Bret McKenzie on 'Muppet'-less Oscars: 'It's a Shame'
Best Original Song Nominee Talks Oscars & 'Muppets,' Plus Future of Flight of the Conchords
Bret McKenzie is up for a best original song Oscar later this month, not that "Man or Muppet" (from "The Muppets") will be performed live or anything. The Flight of the Conchords singer-actor confirmed to Billboard new reports that the powers that be have decided to chop the two nominated tracks (the other being "Real in Rio" via "Rio") from the telecast, calling it "a shame." That said, the New Zealander is thrilled to be going to the Feb. 26 gala and spoke to us about his "Muppet" experience, plus he reveals the beloved Conchords (his folk-comedy band with Jemaine Clement) will finally begin writing new material on their upcoming tour and says they have no regrets in pulling the plug on their cult favorite HBO show.
"I think we would have killed ourselves [if we continued] making that show," he says. "Killing ourselves is a little too harsh, we would have gone mental."
So, neither of the nominated Original Songs will be performed at the Oscars. Thoughts?
Furious! Furious! Write that! Bret McKenzie is furious!
Seriously aren't you a little disappointed your song won't be given center stage?
I know, I'm not complaining about having to go to the Oscars though. I am disappointed that we don't get to get some Muppets on stage and jam it out with Sergio Mendes (who penned "Real in Rio") and some parrots. I think it's a shame because from my experience it's good to put a few musical numbers in a show. It's an age old tradition to give people a break from talking and the ceremony is notoriously dull, but I don't care. I'll just be there star spotting.
| "Man or Muppet" |
Did you go to the nominees luncheon?
I went yesterday and I was seated at a table with Meryl Streep.
Were you like, 'Can you pass the salt Meryl?'
Yeah but that's how I roll now. I think you'll find a lot of press about how Meryl Streep was sitting with me yesterday.
How did you get involved with 'The Muppets' movie?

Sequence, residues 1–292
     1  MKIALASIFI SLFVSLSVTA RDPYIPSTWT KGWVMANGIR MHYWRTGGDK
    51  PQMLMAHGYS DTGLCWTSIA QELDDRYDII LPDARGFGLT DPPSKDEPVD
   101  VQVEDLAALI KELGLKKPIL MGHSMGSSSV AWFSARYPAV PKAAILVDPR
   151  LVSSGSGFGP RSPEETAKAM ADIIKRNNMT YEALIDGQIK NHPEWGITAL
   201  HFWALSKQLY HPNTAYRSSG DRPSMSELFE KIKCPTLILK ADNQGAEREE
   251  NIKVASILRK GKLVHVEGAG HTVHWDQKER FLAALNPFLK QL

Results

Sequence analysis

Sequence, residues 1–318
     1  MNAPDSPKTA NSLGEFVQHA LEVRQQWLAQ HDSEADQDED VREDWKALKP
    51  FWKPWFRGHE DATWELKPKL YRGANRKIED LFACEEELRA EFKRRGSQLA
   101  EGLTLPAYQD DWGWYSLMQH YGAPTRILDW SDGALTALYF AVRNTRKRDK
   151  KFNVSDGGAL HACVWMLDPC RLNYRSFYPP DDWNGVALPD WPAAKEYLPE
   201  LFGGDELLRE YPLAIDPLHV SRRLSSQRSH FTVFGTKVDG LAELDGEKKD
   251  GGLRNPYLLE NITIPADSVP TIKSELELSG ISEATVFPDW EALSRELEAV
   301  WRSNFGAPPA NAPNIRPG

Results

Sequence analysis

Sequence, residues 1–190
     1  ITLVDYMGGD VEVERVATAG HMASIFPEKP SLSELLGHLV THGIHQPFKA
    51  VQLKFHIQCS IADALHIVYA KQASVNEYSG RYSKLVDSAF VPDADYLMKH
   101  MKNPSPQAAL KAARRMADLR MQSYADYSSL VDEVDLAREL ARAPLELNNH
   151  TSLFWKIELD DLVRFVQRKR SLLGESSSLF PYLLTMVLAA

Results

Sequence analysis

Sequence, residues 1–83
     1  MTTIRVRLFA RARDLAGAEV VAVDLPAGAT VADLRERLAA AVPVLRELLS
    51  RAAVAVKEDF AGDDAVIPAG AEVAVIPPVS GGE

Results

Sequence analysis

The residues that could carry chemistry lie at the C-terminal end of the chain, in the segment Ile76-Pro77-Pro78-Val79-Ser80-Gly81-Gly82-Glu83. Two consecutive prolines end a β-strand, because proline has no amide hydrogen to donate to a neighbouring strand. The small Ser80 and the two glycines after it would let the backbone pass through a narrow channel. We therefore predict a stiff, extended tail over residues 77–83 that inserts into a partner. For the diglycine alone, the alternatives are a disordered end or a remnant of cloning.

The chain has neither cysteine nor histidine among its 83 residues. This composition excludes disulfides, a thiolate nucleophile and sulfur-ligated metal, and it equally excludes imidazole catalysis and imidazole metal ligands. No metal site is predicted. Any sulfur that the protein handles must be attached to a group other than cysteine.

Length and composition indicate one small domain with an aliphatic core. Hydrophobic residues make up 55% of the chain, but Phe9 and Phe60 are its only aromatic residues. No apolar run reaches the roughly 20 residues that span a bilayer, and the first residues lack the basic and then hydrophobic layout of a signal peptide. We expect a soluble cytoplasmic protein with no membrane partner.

James Bobin, who co-created 'The Fight of the Conchords' and directed 'The Muppets' asked me to write songs for it. I started working on it and then I became music supervisor. James Bobin really championed me, he got me the job. At first Disney wasn't so sure, I think. They're used to working with their songwriters. It's funny because there were two versions of this song and Disney felt this was the right one to go with.
How did you get in the mindset to begin working on it?
I watched all the old TV shows and the early films, luckily I knew all the characters from growing up with them so I kind of knew the sound and knowing that I didn't find it too hard to write in that world. It was really fun, it was so different from writing for anything else but it was intimidating because it's such an iconic world, there's pressure to not mess it up somewhere. You had to stop thinking that Paul Williams was watching over your shoulder.
Describe the "Muppet" sound, if there is such a thing...
I was told Jim Henson used to say, 'If it sounds too good, it's not right,' and I think there's an imperfection to the Muppets sound. Also when in doubt, add more banjo.
| Flight of the Conchords: "I'm Not Crying" |
Anything in the works for Flight of the Conchords?
We're about to tour Australia and New Zealand. We haven't toured there in years. Whereas we've been in America recently and I don't want to tour America until we've got some new material.
So does that mean you're working on new material?
No, because we haven't been in the same place in months. Jemaine's been working with aliens ("Men in Black III") and I've been working with frogs.
So will you work on new stuff?
Yeah, being on tour means we'll be in the same place. It's been difficult to get things going because we've been living in different cities. We haven't developed a Skype band meeting system yet.
Well, when you are writing, how do you know if a song is funny?
Um I think you know from the very beginning. I guess I know because I'm usually laughing as I try to sing it. I work with Mickey Petralia and he's in the control room laughing as well, I think that's how I know. Actually early on when you first write a song it's funny and then it stops being funny and then it's not until you start playing it to people that it's funny again.
Were you surprised at how bummed fans were when you guys ended the HBO show?
To be honest, I didn't really care. I love all the support we have but it was absolutely the right decision not to make any more shows. I think we would have killed ourselves [if we continued] making that show. Killing ourselves is a little too harsh, we would have gone mental.